Centrality-Based Spillover Effects

58 Pages Posted: 14 Jul 2021

See all articles by Asad Islam

Asad Islam

Monash University

Michael Vlassopoulos

University of Southampton

Yves Zenou

Stockholm University; Monash University - Department of Economics; Research Institute of Industrial Economics (IUI); IZA Institute of Labor Economics; Centre for Economic Policy Research (CEPR)

Xin Zhang

Monash University - Department of Economics

Multiple version iconThere are 2 versions of this paper

Date Written: July 2021


We study the role of social network structure in peer-to-peer educational spillovers by leveraging a two-year field experiment in primary schools in rural Bangladesh. We implement a randomized educational intervention-the provision of free after-school tutoring-offered to a random subsample of students in treatment schools. We exploit the experimentally induced across-classroom variation in the centrality of treated students to provide the first causal evidence of centrality-based spillover effects. We find that a one standard deviation (SD) increase in the average centrality of treated students within a classroom leads to improvements in the test scores of their untreated classmates of 0.57 SD in English and 0.62 SD in math. Further evidence indicates that more central students have higher academic ability, better social skills, and interact more with classmates on matters related to learning, which suggests that they can be more influential for their peers. In addition, we offer the private tutoring intervention to the most central students on a separate group of schools. We find that this targeted approach provides larger educational benefits both for treated and untreated students than the policy that treats a random subset of students. We conclude that targeting the most central students in a network to offer an intervention can be a cost-effective way to improve the educational outcomes of all students in a classroom.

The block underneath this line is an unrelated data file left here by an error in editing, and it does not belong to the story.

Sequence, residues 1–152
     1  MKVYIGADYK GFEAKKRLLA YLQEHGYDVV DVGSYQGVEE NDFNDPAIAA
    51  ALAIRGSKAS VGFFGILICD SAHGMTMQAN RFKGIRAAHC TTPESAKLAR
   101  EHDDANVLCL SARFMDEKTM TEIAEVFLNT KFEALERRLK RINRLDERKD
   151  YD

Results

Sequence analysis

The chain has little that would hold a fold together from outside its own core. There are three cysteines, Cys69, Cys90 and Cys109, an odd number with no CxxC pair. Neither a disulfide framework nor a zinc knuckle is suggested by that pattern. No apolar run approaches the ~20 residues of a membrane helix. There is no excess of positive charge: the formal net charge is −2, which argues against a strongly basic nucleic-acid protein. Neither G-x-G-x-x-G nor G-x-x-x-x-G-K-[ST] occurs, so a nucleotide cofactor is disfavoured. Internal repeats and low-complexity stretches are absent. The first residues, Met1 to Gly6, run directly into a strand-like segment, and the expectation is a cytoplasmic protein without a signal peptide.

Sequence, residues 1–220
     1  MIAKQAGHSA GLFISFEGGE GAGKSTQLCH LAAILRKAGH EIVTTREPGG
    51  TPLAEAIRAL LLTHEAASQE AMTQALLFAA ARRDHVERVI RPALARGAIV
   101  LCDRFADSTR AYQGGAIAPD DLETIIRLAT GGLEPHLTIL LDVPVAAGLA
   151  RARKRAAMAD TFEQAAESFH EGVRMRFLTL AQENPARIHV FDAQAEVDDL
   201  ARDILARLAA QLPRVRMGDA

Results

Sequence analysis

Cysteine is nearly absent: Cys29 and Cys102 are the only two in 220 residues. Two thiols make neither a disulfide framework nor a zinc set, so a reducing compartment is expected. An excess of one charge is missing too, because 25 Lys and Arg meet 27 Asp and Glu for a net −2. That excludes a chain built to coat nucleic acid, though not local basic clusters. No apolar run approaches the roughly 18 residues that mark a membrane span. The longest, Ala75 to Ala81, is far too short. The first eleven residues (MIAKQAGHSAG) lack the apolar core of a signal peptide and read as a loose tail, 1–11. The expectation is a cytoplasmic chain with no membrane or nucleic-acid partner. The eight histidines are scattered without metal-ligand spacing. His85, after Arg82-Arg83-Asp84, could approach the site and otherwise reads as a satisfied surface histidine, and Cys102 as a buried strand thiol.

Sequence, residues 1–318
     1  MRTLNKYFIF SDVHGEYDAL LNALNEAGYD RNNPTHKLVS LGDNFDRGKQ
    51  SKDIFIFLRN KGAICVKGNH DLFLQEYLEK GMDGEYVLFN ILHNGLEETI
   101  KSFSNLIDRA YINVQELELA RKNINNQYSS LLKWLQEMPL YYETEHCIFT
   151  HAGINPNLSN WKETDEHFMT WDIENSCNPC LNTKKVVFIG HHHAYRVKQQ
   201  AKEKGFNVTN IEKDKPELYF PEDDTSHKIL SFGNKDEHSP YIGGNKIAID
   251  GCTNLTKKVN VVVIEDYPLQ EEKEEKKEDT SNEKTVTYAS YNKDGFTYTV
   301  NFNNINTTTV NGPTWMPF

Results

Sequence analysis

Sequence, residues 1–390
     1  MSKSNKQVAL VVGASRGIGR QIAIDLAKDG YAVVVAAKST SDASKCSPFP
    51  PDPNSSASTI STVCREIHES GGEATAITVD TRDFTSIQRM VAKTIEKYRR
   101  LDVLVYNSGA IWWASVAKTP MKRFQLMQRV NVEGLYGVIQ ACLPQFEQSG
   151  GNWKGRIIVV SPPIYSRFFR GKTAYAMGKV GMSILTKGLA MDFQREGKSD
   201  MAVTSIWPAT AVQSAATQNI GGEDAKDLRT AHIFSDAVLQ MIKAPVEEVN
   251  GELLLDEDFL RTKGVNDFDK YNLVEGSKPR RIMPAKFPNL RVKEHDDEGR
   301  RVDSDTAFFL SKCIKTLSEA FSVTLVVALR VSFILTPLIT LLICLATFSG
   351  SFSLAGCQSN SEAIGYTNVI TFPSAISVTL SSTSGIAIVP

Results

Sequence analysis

JEL Classification: I21, O15, Z13

Suggested Citation

Islam, Asadul and Vlassopoulos, Michael and Zenou, Yves and Zenou, Yves and Zhang, Xin, Centrality-Based Spillover Effects (July 2021). CEPR Discussion Paper No. DP16321, Available at SSRN: https://ssrn.com/abstract=3886807

Asadul Islam (Contact Author)

Monash University ( email )

Centre for Dev Economics and Sustainability (CDES)
Monash University
Caulfield East, Victoria
0403642405 (Phone)

HOME PAGE: http://users.monash.edu/~asaduli/

Michael Vlassopoulos

University of Southampton ( email )

University Rd.
Southampton SO17 1BJ, Hampshire SO17 1LP
United Kingdom

Yves Zenou

Monash University - Department of Economics ( email )


Stockholm University ( email )

Universitetsvägen 10
Stockholm, Stockholm SE-106 91

Research Institute of Industrial Economics (IUI) ( email )

P.O. Box 5501
S-114 85 Stockholm

IZA Institute of Labor Economics

P.O. Box 7240
Bonn, D-53072

Centre for Economic Policy Research (CEPR)

United Kingdom

Xin Zhang

Monash University - Department of Economics ( email )

0452220939 (Phone)

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